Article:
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Proclaim the Pascha!

Notes on Preaching the Resurrection
I find that Christmas and Easter sermons are among the most difficult to compose. The pressure of the day
is immense, as we’ve been on our ‘Lenten journey’ for 40 days, always pointing to Easter, and then, finally, there we
are! On top of that, we’ve got an extra bunch of people coming to church who will probably not hear another
sermon until next Christmas! What is a pastor to say on this day that is the absolute center of our lives and of the
whole entire world? The Resurrection of our Lord is indeed the most important thing that has ever happened in the
history of the world, so how will we herald It’s arrival? What follows is a collection of nuggets I’ve mined over the
years, that will hopefully be as helpful to you as they have been to me. God bless your proclamation of the
Resurrection of Christ!

“We are, when all is said and done, only preachers of a word we have received. When we stand
up on Easter morning and say, “Christ is risen!” we are not arguing for the abstract possibility of
resurrection; we are simply announcing what was announced to us. We arrive in our several
pulpits not as the bearers of proof, but as the latest runners in a long relay race; not as savants
with arguments to take away the doubts of the faithful, but as breathless messengers who have
only recently spoken to Peter himself: The Lord is risen indeed (gasp, gasp) and has appeared
(pant, pant) to Simon!”
+Robert Farrar Capon, The Third Peacock, 50-51.

If any man be devout and love God, let him enjoy this fair and radiant triumphal feast. If
any man be a wise servant, let him rejoicing enter into the joy of his Lord. If any have labored
long in fasting, let him now receive his recompense. If any have wrought from the first hour, let
him today receive his just reward. If any have come at the third hour, let him with thankfulness
keep the feast. If any have arrived at the sixth hour, let him have no misgivings; because he shall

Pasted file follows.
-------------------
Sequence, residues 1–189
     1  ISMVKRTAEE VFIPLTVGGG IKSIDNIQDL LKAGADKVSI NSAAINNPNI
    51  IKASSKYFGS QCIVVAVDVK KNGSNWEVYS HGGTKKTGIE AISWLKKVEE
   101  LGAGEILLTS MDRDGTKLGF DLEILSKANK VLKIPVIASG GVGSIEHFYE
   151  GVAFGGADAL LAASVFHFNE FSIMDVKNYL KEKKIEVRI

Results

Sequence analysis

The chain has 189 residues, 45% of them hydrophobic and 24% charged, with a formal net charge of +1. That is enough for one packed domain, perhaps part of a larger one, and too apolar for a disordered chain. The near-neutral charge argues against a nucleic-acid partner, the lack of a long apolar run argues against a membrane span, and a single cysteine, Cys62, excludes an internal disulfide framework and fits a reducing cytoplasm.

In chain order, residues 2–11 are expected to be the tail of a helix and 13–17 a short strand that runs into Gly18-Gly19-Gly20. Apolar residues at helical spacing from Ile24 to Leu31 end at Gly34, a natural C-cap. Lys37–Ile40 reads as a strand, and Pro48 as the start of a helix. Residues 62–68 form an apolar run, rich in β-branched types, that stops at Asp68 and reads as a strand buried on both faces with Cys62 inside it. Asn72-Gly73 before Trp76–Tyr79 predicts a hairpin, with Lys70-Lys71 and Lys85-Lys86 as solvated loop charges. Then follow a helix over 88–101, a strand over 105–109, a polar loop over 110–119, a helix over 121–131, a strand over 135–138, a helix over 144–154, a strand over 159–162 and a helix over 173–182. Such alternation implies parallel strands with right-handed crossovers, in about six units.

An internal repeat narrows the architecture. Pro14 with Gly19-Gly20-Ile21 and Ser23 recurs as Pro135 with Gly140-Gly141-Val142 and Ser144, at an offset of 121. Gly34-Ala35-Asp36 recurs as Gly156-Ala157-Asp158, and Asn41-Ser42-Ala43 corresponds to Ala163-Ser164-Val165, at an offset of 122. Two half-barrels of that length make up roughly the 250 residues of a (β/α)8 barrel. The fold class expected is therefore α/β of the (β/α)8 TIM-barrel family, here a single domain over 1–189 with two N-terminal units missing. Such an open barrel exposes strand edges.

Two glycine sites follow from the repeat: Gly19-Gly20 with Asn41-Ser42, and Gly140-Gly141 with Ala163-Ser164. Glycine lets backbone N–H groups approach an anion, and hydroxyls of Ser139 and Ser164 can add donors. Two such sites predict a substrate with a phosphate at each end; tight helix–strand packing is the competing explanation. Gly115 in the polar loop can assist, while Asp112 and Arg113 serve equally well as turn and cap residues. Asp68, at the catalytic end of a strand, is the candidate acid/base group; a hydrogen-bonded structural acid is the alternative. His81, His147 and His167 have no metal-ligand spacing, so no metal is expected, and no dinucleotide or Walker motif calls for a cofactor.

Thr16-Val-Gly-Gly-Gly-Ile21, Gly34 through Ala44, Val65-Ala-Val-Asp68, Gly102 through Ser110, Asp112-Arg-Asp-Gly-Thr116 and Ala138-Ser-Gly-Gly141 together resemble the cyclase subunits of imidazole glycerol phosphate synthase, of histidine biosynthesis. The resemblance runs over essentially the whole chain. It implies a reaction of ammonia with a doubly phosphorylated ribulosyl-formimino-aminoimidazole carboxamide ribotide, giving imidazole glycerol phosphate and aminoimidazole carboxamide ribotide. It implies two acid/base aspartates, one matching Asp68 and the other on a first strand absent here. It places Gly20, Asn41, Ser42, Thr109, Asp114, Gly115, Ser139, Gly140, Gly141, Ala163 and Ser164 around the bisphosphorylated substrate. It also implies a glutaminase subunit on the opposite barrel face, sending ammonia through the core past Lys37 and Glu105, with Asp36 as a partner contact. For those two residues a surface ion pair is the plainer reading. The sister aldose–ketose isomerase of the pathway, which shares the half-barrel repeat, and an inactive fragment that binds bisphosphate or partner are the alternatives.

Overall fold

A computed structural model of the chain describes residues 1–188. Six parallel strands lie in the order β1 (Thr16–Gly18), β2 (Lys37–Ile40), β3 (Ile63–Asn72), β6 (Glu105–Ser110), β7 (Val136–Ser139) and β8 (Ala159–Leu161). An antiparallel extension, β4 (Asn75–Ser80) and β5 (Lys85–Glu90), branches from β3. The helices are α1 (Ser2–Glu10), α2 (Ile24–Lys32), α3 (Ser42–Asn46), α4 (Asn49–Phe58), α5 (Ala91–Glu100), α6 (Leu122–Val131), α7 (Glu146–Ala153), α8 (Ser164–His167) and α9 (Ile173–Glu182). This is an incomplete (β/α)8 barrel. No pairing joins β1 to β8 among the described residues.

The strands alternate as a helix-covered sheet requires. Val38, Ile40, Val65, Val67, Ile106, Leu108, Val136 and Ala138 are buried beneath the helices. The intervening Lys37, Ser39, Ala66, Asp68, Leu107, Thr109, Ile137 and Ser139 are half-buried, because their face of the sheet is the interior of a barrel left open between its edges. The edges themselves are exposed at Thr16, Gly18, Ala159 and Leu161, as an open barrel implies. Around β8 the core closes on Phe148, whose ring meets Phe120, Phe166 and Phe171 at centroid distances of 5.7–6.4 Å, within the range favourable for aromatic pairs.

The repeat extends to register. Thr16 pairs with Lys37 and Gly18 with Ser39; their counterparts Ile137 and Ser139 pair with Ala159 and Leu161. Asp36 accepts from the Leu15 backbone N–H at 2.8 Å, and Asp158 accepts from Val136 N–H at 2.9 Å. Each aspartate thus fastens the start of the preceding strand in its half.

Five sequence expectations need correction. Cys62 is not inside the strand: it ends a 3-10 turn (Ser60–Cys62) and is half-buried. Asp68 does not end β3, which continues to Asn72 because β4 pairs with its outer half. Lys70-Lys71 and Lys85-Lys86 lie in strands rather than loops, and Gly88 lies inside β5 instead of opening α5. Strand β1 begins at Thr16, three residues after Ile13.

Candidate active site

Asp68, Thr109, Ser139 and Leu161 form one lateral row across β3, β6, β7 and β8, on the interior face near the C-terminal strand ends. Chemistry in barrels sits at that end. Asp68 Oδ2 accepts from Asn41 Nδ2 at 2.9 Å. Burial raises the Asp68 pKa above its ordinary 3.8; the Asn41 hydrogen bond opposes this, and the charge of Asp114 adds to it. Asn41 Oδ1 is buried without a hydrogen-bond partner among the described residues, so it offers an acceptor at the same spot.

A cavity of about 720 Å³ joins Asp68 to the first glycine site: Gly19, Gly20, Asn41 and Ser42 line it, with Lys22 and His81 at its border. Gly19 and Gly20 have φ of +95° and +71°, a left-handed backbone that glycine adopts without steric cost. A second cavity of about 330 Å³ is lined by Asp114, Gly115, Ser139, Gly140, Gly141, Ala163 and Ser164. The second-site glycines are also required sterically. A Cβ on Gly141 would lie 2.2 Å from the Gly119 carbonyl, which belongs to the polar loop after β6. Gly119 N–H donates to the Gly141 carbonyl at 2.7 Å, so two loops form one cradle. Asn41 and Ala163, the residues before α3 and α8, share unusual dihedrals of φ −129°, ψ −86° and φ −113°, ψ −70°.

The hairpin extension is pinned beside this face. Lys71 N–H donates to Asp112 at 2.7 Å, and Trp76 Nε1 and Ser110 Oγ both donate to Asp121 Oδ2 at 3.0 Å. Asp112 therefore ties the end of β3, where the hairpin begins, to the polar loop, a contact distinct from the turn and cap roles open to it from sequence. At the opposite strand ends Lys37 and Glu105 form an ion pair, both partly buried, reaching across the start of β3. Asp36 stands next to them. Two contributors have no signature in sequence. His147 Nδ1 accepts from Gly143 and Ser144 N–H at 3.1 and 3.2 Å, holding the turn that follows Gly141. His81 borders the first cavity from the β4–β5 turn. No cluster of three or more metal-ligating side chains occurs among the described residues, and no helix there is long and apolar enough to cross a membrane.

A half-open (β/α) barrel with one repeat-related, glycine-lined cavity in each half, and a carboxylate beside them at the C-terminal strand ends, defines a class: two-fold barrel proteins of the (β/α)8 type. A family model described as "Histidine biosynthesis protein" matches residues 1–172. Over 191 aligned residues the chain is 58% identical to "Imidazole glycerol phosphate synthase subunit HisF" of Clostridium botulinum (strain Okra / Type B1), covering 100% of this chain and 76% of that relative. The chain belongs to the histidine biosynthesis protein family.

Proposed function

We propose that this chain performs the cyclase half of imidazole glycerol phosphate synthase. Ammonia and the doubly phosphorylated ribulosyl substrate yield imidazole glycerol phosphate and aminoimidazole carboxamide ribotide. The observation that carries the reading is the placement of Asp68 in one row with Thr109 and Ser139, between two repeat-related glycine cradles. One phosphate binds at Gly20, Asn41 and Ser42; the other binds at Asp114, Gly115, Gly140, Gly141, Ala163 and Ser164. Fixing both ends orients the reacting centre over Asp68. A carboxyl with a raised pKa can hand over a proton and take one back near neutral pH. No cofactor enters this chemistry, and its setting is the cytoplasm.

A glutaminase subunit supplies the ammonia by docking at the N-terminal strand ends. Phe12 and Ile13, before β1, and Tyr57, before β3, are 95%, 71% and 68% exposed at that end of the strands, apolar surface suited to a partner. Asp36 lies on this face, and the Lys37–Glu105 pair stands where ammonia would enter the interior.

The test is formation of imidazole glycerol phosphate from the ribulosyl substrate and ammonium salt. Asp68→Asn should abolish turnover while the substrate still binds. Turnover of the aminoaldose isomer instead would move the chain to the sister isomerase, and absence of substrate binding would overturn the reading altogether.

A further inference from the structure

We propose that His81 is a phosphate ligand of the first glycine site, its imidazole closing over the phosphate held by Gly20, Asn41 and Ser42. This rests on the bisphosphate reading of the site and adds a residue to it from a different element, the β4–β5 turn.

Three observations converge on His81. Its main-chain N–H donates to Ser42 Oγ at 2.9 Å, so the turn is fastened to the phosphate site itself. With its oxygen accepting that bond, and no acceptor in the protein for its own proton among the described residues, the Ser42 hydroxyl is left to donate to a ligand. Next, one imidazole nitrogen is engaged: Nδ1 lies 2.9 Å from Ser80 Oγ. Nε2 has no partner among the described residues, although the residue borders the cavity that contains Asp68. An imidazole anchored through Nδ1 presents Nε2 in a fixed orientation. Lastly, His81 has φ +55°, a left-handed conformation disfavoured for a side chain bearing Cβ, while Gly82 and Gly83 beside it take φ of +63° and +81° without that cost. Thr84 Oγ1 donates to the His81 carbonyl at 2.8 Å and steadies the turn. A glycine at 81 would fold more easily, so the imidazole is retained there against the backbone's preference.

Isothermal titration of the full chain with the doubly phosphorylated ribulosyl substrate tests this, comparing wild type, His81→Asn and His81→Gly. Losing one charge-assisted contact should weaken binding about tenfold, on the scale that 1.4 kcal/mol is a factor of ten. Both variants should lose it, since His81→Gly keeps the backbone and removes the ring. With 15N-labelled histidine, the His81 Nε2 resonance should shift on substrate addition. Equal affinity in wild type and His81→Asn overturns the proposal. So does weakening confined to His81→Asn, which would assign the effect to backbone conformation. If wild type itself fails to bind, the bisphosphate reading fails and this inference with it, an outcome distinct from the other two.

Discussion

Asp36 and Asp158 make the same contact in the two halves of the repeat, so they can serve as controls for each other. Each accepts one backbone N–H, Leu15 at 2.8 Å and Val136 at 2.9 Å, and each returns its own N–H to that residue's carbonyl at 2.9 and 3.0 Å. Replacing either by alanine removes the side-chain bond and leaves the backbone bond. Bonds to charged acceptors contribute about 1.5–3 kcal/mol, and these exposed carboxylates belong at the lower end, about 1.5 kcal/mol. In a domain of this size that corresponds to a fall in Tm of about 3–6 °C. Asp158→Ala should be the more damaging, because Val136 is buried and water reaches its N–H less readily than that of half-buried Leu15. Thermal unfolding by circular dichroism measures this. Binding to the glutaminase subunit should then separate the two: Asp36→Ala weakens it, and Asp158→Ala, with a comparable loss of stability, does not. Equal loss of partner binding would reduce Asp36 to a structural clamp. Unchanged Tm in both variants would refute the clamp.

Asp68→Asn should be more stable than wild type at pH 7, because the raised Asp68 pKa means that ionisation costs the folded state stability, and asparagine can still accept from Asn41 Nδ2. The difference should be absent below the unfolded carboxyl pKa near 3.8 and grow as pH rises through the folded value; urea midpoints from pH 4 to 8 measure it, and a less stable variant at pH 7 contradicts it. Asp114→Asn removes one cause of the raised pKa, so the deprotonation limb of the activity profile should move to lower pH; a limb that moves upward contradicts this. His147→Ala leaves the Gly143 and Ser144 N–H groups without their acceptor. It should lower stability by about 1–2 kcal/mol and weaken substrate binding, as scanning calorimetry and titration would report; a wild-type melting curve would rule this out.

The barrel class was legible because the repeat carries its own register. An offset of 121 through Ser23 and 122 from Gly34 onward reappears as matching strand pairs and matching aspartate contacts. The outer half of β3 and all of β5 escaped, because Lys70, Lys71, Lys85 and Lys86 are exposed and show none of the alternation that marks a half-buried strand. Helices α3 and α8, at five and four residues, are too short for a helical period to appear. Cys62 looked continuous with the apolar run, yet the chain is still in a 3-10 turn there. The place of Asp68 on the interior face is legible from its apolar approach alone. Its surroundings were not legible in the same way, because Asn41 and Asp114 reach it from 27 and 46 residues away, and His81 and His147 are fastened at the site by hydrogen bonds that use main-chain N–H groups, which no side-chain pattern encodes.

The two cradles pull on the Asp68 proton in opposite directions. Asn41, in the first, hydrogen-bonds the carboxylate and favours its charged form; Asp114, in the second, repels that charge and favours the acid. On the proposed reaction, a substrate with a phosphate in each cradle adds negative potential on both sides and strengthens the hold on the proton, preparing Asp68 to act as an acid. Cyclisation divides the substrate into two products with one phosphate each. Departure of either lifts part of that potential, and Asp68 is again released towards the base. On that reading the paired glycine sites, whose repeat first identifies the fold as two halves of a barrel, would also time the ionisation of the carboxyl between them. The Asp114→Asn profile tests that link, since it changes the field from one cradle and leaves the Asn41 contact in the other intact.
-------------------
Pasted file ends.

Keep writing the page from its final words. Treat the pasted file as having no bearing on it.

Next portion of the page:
in nowise be deprived thereof. If any have delayed until the ninth hour, let him draw near,
fearing nothing. If any have tarried even until the eleventh hour, let him, also, be not alarmed at
his tardiness; for the Lord, who is jealous of his honor, will accept the last even as the first; he
gives rest unto him who comes at the eleventh hour, even as unto him who has wrought from the
first hour.
And he shows mercy upon the last, and cares for the first; and to the one he gives, and
upon the other he bestows gifts. And he both accepts the deeds, and welcomes the intention, and
honors the acts and praises the offering. Wherefore, enter you all into the joy of your Lord; and
receive your reward, both the first, and likewise the second. You rich and poor together, hold
high festival. You sober and you heedless, honor the day. Rejoice today, both you who have

fasted and you who have disregarded the fast. The table is full-laden; feast ye all sumptuously.
The calf is fatted; let no one go hungry away.
Enjoy ye all the feast of faith: Receive ye all the riches of loving-kindness. let no one
bewail his poverty, for the universal kingdom has been revealed. Let no one weep for his
iniquities, for pardon has shown forth from the grave. Let no one fear death, for the Savior’s
death has set us free. He that was held prisoner of it has annihilated it. By descending into Hell,
He made Hell captive. He embittered it when it tasted of His flesh. And Isaiah, foretelling this,
did cry: Hell, said he, was embittered, when it encountered Thee in the lower regions. It was
embittered, for it was abolished. It was embittered, for it was mocked. It was embittered, for it
was slain. It was embittered, for it was overthrown. It was embittered, for it was fettered in
chains. It took a body, and met God face to face. It took earth, and encountered Heaven. It took
that which was seen, and fell upon the unseen.
O Death, where is your sting? O Hell, where is your victory? Christ is risen, and you are
overthrown. Christ is risen, and the demons are fallen. Christ is risen, and the angels rejoice.
Christ is risen, and life reigns. Christ is risen, and not one dead remains in the grave. For Christ,
being risen from the dead, is become the first fruits of those who have fallen asleep. To Him be
glory and dominion unto ages of ages. Amen.